A recent thought piece for the Seymourpowell blog on the rise in the public consciousness of 3D printing.
The democratisation of product development is on it’s way. That’s certainly what’s seems to be happening according to the press. The advent of affordable 3D printers and maker culture has started to show us opportunities for putting the design and development of products into the domestic environment, even for those with relatively modest budgets.
3D printing is evolving but it’s output at this point is mainly suitable for rapid prototyping. It’s good for getting parts you’ve created in 3D CAD into a physical form without expensive tooling or days of CNC machining. This is great – it speeds up development time and is often the best way to realise and idea in physical form. When you make an idea concrete and tangible it is far less ambiguous and can be quickly evaluated by the team and improved. As product designers, we love it.
Right now 3D printing on a domestic level can’t match the properties injection moulded engineering plastics have, namely strength, surface finish, UV stability and water resistance. There has been some beautiful sculptural objects and jewellery produced that really showcase the potential of the process and it’s advantages over injection moulding. But as Nokia’s admirable recent release of the 3D data for the back case of their Lumia 820 phone has shown, it has limitations. Hack their design, add what you want and print your own, great! Just be warned, it can cost over £50 to produce and when printed the part often cracks when being fitted to the handset. I’m all for open access to the tools of product design. Cost of the processes to design products, access to manufacturing, funding and distribution channels shouldn’t be a barrier to the the best ideas and products wining through to market.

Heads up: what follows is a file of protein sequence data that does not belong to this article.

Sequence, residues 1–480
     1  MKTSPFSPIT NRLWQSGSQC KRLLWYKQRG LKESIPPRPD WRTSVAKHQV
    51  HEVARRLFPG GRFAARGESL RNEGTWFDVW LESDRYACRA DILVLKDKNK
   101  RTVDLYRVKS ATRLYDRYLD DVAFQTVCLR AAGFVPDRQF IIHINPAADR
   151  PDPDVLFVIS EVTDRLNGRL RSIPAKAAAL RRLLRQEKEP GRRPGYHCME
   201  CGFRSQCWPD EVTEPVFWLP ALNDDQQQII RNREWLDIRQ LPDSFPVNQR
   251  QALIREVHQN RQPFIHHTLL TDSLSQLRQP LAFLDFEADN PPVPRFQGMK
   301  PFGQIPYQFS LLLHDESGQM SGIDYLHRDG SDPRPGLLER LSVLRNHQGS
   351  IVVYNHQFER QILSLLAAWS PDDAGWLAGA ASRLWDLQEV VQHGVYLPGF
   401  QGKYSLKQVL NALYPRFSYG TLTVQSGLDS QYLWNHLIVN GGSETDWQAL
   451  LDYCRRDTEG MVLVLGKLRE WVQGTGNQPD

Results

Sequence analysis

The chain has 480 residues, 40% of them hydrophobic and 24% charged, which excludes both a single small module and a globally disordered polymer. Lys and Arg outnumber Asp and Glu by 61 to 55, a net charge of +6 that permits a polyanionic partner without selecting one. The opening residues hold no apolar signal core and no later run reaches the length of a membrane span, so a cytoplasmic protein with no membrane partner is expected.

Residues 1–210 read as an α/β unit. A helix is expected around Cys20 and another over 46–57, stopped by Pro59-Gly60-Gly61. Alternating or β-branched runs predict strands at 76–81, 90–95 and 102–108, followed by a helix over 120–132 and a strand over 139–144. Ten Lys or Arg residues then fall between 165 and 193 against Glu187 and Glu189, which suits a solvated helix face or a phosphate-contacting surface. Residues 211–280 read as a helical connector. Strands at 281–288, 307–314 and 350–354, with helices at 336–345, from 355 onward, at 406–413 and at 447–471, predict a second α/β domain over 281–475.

Injection moulding, the process that dominates our industry puts great restrictions on designers, companies and manufacturers. The necessity to design parts that come out of the tool easily (the right draft angles and no undercuts please) and the high cost of tooling all inhibit the type and variety of products that can be produced at present.
So the real opportunities for me are in industrial 3D printing processes. Once you’ve cut steel, that’s it, the product is fixed. Where as with 3D printing at an industrial level it could free us from these constrains, giving us the possibility of bringing true mass customisation to life. Just like software, we would be able to release products as beta versions and through consumer feedback we will be able to iterate, upgrade and customise the product within the manufacturing process rather than just in the design process. Now that really is a new industrial revolution, I can’t wait to get started….